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CG Watkins

Léa Seydoux selects Adèle Exarchopoulos

The sex-fuelled French flick by Abdellatif Kechiche featuring explosive female lead Adèle

TextCarmen GrayPhotographyCG Watkins

Taken from the December issue of Dazed & Confused:

French actress Léa Seydoux: “When I first met Adèle I was like, ‘Wow, this girl has a strong character!’ She has something very free about her. I’m not used to it. Some actresses are too self-aware, they strike a pose. Adèle is a force of nature.”

The Cannes premiere of French drama Blue is the Warmest Colour received a storm of attention. The sex scenes between its two female leads, Adèle Exarchopoulos and Léa Seydoux, were explosively raw, and their searingly honest performances won them the prestigious Palme d’Or – the first time it has been awarded to a film’s actresses as well as its director.

Scruffily stylish in black dress and boots, 19-year-old Exarchopoulos is none too phased by the scandal over reportedly rough treatment from director Abdellatif Kechiche, dismissing it as media shit-stirring. “With Abdel’s passion and complexity, genius and bad moments, we were all suffering sometimes and laughing sometimes. He goes for the moment when you’re exhausted to see what’s inside when your mask comes off, so we did many, many, many takes. It’s not a conventional way of shooting. There are no hair, make-up or clothes stylists – just you, your character and the mix. He wants to see your soul like no one wants to, not even me.”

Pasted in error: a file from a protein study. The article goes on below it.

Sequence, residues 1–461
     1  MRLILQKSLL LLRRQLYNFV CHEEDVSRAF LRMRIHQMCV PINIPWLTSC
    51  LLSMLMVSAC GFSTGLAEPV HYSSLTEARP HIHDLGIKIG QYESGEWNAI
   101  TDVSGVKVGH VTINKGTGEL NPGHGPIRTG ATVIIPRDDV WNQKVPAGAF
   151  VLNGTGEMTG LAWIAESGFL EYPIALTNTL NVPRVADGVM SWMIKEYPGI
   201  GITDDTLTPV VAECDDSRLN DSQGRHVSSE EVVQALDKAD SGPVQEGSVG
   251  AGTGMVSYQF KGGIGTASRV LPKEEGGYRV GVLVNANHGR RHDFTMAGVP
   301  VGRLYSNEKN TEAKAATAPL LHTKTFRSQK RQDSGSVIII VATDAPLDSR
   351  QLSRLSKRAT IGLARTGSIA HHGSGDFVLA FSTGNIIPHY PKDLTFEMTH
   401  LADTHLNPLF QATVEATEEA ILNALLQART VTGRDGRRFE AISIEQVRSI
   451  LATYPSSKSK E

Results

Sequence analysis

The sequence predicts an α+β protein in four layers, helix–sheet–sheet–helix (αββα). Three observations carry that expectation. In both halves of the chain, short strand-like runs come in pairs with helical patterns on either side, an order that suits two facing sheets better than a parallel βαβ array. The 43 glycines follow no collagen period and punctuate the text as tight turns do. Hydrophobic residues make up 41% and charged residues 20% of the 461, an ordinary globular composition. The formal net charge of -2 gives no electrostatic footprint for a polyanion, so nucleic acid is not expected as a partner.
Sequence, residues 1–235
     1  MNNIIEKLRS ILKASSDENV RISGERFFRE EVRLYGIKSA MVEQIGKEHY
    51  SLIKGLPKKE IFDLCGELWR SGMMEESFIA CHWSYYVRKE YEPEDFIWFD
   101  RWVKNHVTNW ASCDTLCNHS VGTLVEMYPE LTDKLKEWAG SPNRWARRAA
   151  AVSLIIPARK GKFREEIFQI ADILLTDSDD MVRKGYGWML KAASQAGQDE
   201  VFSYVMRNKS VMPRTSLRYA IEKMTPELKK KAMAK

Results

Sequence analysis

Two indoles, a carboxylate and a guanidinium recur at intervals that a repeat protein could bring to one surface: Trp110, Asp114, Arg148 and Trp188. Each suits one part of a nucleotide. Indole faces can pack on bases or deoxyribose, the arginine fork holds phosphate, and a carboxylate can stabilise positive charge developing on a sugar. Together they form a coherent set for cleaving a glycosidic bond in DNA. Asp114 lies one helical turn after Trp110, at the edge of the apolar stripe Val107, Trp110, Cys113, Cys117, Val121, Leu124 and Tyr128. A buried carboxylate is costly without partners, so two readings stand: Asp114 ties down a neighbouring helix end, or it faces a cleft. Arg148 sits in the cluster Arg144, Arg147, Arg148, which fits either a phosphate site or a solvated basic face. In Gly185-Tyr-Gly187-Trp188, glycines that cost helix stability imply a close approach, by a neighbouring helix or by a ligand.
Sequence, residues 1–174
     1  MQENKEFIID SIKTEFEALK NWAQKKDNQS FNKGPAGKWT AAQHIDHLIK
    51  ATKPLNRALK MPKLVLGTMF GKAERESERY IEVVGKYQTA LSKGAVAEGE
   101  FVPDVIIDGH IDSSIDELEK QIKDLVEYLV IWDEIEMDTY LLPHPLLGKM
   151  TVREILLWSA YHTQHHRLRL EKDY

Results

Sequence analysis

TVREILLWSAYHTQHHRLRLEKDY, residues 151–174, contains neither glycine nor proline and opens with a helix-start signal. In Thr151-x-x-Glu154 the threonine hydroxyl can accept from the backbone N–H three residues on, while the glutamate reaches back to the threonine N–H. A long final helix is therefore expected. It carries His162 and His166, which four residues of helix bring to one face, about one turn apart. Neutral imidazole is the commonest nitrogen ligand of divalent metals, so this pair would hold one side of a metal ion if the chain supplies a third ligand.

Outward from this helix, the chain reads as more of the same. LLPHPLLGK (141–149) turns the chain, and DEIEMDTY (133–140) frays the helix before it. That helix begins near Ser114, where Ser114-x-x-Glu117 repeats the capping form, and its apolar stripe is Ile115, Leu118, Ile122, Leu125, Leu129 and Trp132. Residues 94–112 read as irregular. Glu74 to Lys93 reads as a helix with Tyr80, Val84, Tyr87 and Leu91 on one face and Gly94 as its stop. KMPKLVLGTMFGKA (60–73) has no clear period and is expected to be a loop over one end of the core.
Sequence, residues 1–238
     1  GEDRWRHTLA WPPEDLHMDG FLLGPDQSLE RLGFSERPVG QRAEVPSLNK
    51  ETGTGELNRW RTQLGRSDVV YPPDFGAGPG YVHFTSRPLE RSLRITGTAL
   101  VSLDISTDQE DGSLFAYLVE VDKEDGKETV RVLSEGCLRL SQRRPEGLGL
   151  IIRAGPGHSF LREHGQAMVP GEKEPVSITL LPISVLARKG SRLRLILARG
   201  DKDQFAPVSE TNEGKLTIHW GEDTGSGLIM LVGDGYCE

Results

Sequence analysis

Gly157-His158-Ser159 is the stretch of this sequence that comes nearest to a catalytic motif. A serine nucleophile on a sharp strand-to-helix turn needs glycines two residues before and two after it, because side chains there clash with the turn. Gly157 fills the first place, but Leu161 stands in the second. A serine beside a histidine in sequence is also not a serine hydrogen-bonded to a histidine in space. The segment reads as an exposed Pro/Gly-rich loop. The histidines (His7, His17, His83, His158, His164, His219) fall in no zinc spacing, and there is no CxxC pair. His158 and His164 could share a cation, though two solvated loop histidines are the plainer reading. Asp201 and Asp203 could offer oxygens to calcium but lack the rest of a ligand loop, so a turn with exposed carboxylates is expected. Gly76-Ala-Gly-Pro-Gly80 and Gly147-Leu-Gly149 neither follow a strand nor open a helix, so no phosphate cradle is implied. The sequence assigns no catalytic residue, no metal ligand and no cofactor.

Blue follows Exarchopoulos’s teenage character (also called Adèle) through a gut-wrenching few years of confusing emotions, from her high-school struggle with her sexual identity and electrically charged first encounter with blue-haired painter Emma (Seydoux) into full-fledged romance and adult complexities. For Exarchopoulos, accessing her character’s inner life was an instinctual process. The explicit scenes – which took ten days to shoot – didn’t make her nervous. “You treat those scenes no different from the others. It’s organic between these two girls and we have to show that: it’s a movie about skin.” 

Although the love story goes beyond gender and politics, the film’s Cannes win was fortuitously timed during the French gay-marriage debate. “It was a beautiful coincidence that we won the Palme the day of the gay-marriage protest in France, just before its legalisation. It’s like, there is a god somewhere. It was amazing.”

Blue is the Warmest Colour is out on November 22